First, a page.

writer’s craft

Through whose eyes?

Image by Irina Gromovataya from Pixabay

Of all the craft issues that bedevil new writers, point of view may well be the most mysterious. Novices frequently receive critiques that accuse them of the dreaded sin of “head hopping”, without really explaining what this is or more importantly, why it can be a problem. Blog articles about point of view natter on about “deep first person” and “third person omniscient”, confusing things further.

Even experienced authors sometimes mess up, producing slips in point of view. For example:

Horrified by her faux pas, Maria stumbled through an apology, her cheeks reddening and her lips curving into an embarrassed smile.

What’s wrong with this sentence, you might ask?

The problem here is that Maria, who is the focus character – the character whose point of view we’ve adopted – would not be able to see herself blushing or smiling in an embarrassed manner. Only an outsider, another character, could perceive these details. The point of view has momentarily slipped away from Maria. I could have said that Maria felt her cheeks getting hot, without violating point of view. But as soon as the narrative steps outside Maria’s head, the POV has shifted.

Why is this undesirable? We’ll discuss that shortly.

You’ll find many technical discussions of point of view on the Internet. These may be helpful, but in fact the whole issue can be distilled into a single question:

Through whose eyes are we looking as the story unfolds?

Characters provide the emotional energy in a story. In romance, especially, we authors want our readers to understand and to identify with the protagonists. A common way to heighten this sense of identification is to show readers the world as the character experiences it, that is, to tell the story from the character’s point of view. Strong and consistent point of view can bring the reader into the character’s world, enhancing the sense of sympathy and connection.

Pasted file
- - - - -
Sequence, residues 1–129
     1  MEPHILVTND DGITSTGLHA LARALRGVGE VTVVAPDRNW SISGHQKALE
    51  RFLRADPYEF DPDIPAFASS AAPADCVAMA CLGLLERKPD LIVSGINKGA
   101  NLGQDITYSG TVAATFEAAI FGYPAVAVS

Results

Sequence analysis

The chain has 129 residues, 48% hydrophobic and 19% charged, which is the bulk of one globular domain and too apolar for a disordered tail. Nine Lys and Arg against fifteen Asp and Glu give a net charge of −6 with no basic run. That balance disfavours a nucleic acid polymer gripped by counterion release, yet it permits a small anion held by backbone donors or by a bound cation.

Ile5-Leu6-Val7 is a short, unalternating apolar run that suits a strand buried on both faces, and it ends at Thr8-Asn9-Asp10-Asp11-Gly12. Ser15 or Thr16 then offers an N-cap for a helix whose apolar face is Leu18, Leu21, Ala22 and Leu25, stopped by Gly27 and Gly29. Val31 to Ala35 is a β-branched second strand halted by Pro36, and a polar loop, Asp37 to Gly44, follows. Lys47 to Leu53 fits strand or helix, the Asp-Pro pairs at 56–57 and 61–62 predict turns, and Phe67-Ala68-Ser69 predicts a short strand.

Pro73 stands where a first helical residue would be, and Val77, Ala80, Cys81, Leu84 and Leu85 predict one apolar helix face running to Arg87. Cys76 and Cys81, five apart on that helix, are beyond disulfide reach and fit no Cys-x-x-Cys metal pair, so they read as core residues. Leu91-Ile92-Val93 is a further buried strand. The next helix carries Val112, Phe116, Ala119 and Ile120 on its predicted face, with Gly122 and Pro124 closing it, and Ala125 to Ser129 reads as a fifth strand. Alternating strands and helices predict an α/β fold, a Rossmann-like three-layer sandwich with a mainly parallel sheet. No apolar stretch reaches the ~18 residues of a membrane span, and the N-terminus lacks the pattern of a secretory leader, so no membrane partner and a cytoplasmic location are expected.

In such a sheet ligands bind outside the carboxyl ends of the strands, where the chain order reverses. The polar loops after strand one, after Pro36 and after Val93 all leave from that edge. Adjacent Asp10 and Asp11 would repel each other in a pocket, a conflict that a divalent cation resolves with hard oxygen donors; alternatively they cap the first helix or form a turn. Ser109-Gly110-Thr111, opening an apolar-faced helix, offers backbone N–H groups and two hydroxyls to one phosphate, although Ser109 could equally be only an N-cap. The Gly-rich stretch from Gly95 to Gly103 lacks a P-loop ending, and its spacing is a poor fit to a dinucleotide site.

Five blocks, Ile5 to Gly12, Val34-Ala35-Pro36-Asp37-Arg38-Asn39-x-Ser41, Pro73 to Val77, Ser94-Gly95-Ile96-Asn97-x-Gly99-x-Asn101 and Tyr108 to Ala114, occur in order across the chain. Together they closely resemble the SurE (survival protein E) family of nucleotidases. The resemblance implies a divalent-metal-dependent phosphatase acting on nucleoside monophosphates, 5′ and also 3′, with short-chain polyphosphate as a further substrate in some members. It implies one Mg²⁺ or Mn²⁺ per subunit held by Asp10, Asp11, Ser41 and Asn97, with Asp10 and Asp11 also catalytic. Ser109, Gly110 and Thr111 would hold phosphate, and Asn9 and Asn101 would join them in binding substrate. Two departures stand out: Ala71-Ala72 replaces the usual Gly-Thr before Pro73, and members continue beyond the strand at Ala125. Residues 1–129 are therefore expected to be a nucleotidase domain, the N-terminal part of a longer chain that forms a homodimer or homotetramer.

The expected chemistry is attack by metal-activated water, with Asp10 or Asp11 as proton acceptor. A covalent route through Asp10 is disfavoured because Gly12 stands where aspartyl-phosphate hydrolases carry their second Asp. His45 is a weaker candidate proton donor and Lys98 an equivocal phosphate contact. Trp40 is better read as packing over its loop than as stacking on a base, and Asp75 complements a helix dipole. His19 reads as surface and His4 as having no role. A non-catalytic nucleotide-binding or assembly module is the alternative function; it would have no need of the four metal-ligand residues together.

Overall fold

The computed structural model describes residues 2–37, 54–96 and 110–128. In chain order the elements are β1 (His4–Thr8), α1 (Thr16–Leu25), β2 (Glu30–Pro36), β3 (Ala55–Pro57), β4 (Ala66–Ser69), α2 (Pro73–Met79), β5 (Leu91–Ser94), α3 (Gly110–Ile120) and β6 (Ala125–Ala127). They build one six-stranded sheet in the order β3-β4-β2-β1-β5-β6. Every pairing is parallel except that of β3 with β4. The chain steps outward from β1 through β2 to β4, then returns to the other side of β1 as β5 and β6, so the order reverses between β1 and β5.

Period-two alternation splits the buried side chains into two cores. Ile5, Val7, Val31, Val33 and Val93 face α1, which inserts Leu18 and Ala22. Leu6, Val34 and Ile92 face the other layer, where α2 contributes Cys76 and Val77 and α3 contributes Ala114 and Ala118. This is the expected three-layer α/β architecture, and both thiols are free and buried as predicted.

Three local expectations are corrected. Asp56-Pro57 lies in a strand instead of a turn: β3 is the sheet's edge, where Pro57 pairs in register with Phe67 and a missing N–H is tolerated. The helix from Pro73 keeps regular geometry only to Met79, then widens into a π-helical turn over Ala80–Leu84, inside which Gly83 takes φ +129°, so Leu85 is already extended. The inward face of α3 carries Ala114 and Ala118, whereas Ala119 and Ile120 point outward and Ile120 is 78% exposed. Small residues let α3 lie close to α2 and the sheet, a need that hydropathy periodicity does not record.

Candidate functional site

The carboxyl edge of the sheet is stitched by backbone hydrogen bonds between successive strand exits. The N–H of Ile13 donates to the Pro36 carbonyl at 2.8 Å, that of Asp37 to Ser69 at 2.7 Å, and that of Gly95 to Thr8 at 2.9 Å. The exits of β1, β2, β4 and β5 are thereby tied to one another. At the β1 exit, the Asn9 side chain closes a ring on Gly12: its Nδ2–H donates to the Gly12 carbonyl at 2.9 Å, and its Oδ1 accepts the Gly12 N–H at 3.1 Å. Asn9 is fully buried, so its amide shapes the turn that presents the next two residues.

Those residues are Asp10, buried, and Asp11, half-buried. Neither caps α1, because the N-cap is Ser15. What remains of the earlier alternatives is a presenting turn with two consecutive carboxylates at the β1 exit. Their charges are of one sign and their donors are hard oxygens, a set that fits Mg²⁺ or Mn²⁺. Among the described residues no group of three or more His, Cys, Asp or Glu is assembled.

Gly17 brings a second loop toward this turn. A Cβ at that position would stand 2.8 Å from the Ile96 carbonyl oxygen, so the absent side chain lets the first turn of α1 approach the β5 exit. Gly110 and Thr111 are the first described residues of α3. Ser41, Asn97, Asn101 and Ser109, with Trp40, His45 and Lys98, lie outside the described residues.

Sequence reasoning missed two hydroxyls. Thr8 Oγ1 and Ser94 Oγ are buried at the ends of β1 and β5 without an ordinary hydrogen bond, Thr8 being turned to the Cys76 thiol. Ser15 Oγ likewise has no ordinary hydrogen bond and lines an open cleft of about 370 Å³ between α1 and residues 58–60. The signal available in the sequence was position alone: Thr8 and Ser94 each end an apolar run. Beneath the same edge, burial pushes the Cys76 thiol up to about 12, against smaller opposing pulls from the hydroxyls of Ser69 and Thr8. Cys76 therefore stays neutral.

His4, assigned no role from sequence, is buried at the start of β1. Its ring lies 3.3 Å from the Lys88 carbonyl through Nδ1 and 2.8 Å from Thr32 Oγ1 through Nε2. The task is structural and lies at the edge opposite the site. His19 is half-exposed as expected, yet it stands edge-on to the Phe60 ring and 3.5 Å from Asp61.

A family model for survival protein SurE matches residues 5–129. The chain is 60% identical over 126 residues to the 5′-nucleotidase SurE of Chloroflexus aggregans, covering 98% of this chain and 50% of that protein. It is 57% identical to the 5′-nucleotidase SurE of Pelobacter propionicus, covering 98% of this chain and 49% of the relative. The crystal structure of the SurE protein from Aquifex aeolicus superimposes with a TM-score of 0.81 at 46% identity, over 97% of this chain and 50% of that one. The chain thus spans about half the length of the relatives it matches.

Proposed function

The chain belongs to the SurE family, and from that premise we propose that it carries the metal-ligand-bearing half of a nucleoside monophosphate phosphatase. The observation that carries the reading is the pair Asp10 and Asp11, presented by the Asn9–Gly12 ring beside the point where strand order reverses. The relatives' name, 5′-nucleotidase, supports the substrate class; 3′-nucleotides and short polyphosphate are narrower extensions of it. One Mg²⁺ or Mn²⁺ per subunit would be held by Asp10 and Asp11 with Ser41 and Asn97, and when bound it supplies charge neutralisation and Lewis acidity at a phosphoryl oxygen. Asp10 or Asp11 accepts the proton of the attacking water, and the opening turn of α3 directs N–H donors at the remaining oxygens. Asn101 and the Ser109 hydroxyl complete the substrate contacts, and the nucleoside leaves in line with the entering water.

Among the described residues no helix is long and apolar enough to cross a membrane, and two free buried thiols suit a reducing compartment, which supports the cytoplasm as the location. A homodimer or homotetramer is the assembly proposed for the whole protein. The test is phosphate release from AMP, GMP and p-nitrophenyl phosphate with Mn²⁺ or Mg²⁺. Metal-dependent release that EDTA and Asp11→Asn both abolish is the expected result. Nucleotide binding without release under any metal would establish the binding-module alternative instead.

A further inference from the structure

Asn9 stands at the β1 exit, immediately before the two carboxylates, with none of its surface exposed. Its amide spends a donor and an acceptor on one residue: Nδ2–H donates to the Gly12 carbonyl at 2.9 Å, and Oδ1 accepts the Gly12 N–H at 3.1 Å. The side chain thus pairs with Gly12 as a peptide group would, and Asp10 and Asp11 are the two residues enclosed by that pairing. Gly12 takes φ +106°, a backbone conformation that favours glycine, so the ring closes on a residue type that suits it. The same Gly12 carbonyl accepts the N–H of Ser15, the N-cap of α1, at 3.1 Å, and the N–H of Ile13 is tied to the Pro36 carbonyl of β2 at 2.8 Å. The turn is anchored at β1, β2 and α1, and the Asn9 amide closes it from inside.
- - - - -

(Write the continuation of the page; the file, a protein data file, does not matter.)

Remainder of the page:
Clean and controlled use of POV also supports plot development. Plots often turn on various sorts of secrets. If a POV character doesn’t know about a secret, neither does your reader. When events conspire to reveal the hidden information, your reader vicariously feels the same sense of surprise or dismay as the character.

Does this mean you should have only a single POV character? Not necessarily. Decisions about POV characters should be based on the story you are trying to tell and the reactions you are trying to evoke. A common strategy in romance is to alternate the POV between the hero and heroine (or between two heroes or two heroines – the different members of the romantic unit). This makes it possible to show how each character’s feelings are developing. It also helps reveal misunderstandings or differences in expectations, upon which the plot often depends.

In contrast, a story with a single POV character focuses the reader’s attention exclusively on that individual’s inner life. Other characters act as external forces. Their behavior and their motivations can only be understood based on the main character’s observations, assumptions and judgments.

If you do decide to alternate point of view characters, you should generally avoid switching the POV too frequently. This is what we mean by “head hopping” – when POV shifts from one character to another on the same page, or (heaven forbid!) in the same paragraph.

An extreme case of head hopping can introduce serious confusion. The reader loses track of what each character is perceiving and feeling. I’ve read books with such chaotic POV management that I truly couldn’t tell what was going on.

Even if the story flow remains more or less clear, head hopping usually has a negative effect on reader engagement. As noted above, we want our reader to identify with the POV character, to feel what the character is feeling. Frequent POV swings yank the reader from one character’s perspective to another, interfering with the development of empathy and understanding. This diminishes the depth and intensity of the reader’s experience – usually not something we want.

A rule of thumb is that if you want to switch to a new POV character, you should introduce a section or chapter break to signal this. Rules are never absolute, of course. If you have a good reason to violate this heuristic, then go ahead. However, it’s important to consider your intentions and goals when you make this sort of decision.